golden baboon spiders

gasman

Arachnopeon
Joined
Jun 4, 2003
Messages
1
i was wanting general information all the golden baboon spider i own. i know what to feed and they hes very quick and has a mood problem. so i u have anything else to tell me it would help
 

Neo

Arachnosquire
Old Timer
Joined
May 9, 2003
Messages
145
This is not factual but I base some stuff on them about this. They like moisture but not too much around 80% is great for them. Very aggressive, but I've "tamed" some before. Some grow from medium speed to slow, rarely fast. Venom are said to be around middle but can sometimes be higher. Temperature should be high 70 around 80 since some orginate from Africa.

Once they make aburrow they rarely much, for my experience. Burrowers a lot some terrestrial.
 

Wade

Arachnoking
Old Timer
Joined
Aug 16, 2002
Messages
2,933
Are we talking about Pterinochilus murinus? If so, this could be on the T forum. IME these are very hardy and dry tolerant, but fast and defensive (i.e. "bitey").

Wade
 

RugbyDave

Arachnoprince
Old Timer
Joined
Apr 5, 2003
Messages
1,428
i agree, 80% is WAY to high! Mine stay right at about 60-65%,somtimes rising up to 70%, but never ever above!

and i don't think T's can ever be "tamed" in the general sense -- are you talking about when you handle the T it doesn't rear up or bite? although that goes into my opinions, so we'll just stick to the topic on hand! ;)

i find them more defensive than aggressive though. Their HTF is pretty quick though, somewhere around 10 :)

are you talking about a P.murinus?
peace
dave
 

phoenixxavierre

Arachnoprince
Old Timer
Joined
Oct 9, 2002
Messages
1,293
humidity

Hi all,

While P. murinus is easiest to keep on dry substrate for a couple different reasons, 1) less chance of mites, 2) many wild caughts come in with mites and dry substrate tends to dessicate these mites; I must point out here that their range is vary wide and they inhabit a wide variety of climates. Some are in wet areas, others in dry; most of these places vary in temps, and I would be surprised if there were a place where there was a constant steady temperature all year round. Most (if not all) environments change with the seasons, so usually it's wet and dry in each place at different times of the year (or even within the same month). I have kept P. murinus both ways. They tolerate both conditions, however, as mentioned, wet environments tend to draw mites, especially if leftovers from the theraposid's meal are about.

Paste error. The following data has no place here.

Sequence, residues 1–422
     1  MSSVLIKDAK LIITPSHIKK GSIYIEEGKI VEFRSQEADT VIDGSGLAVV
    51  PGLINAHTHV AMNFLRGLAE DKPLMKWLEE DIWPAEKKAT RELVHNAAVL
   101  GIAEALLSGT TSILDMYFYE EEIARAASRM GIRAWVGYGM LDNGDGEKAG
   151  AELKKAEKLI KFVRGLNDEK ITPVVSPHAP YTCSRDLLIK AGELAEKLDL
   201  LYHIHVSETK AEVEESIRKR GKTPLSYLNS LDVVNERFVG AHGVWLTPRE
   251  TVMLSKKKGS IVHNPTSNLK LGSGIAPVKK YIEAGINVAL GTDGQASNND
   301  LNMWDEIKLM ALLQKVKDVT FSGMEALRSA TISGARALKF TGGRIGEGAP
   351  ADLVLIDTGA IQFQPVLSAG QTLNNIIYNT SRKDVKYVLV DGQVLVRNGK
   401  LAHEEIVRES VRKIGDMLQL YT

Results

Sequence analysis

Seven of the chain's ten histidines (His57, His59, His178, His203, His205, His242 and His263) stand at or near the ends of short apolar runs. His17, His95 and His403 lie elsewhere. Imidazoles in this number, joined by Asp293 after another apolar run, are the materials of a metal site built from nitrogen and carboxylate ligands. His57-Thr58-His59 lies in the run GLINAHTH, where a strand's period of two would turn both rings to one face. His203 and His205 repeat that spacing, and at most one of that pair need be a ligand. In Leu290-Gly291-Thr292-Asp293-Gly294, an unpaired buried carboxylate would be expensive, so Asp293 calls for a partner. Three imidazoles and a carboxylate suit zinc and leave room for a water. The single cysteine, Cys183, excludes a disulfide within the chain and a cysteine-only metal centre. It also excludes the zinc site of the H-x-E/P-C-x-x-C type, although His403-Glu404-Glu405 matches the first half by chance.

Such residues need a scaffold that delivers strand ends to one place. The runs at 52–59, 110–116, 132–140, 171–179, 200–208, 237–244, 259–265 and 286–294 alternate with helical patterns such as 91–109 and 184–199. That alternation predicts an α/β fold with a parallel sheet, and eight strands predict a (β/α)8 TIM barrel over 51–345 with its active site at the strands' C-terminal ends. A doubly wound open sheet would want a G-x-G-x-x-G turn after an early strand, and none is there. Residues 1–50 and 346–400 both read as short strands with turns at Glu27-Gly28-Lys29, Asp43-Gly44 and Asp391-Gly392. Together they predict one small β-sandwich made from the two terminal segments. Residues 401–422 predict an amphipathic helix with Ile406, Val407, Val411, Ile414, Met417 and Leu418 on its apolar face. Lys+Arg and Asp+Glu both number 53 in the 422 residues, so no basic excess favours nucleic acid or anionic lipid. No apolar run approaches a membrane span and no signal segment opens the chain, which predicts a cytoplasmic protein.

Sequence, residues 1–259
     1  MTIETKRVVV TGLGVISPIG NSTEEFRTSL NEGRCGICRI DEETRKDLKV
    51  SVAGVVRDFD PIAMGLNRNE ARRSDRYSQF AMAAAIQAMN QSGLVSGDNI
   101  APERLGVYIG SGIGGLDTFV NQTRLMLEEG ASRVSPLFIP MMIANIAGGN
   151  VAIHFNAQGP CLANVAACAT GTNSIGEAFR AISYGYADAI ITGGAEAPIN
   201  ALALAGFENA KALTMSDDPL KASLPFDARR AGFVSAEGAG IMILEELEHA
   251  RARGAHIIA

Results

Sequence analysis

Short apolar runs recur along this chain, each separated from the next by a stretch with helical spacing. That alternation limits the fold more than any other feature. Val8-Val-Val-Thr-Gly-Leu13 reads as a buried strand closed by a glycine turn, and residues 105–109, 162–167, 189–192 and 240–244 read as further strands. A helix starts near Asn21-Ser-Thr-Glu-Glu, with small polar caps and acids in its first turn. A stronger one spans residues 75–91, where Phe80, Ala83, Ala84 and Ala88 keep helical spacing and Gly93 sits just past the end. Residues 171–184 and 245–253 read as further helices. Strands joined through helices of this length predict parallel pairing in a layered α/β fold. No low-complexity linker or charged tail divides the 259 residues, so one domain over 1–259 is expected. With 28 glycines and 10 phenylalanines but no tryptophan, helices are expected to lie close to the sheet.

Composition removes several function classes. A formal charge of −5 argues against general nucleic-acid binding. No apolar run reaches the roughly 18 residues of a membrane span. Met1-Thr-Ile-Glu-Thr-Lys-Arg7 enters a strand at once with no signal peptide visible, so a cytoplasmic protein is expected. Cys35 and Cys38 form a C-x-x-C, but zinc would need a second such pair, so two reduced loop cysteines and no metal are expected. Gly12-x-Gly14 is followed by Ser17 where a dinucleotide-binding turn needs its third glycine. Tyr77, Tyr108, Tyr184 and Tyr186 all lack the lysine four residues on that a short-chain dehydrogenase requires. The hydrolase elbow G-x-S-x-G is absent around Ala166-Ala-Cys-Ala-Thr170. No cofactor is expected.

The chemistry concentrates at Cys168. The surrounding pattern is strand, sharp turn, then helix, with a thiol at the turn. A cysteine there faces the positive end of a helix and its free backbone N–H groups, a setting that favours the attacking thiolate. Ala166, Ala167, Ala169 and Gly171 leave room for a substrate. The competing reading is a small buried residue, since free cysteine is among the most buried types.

Thanks, Buspirone, that caresheet IS awesome. I was lucky enough to be given that by a very experienced keeper of Africans. Luc is an awesome guy!! and very knowledgeable!

Best wishes,

Paul
 

defour

Arachnobaron
Old Timer
Joined
May 17, 2003
Messages
347
Originally posted by Neo
This is not factual but I base some stuff on them about this. They like moisture but not too much around 80% is great for them. Very aggressive, but I've "tamed" some before. Some grow from medium speed to slow, rarely fast. Venom are said to be around middle but can sometimes be higher. Temperature should be high 70 around 80 since some orginate from Africa.

Once they make aburrow they rarely much, for my experience. Burrowers a lot some terrestrial.
That's a lot of info for a post that isn't factual. ;)

I'm interested in knowing where the non-African ones come from?

Steve
 

phoenixxavierre

Arachnoprince
Old Timer
Joined
Oct 9, 2002
Messages
1,293
Humidity levels

Hi all,

Humidity levels should not be mistaken with precipitation.

It is quite common for humidity to reach 90% at nighttime in Tanzania. It has been that way for the last month across the entire country. It does lessen during the day, lowering down to 55%-65%, due to the sun dissipating the moisture in the air. About once a month there is a good downpour that lasts a week or so. That's when everything gets drenched. Eastern Africa is not nearly as dry as northern Africa.

In captivity it's fairly easy to raise up humidity in the evening on the inside of a tank. Simply cover nearly the entire top of the lid and condensation will rise. You can use glass, cardboard, books, whatever is easiest for you. During the day, remove the obstacle and the humidity in the air will dissipate (unless of course your ambient humidity is high to begin with). You can find what your ambient humidity is with a humidity guage, or if you're like me and have your windows open all the time, you can look at the humidity level in your particular town/city on any weather website.

Those who prefer to keep their animals bone dry avoid these "complications" altogether. In fact, bone dry is absolutely necessary in some situations (mite infestations).

Best wishes,

Paul
 
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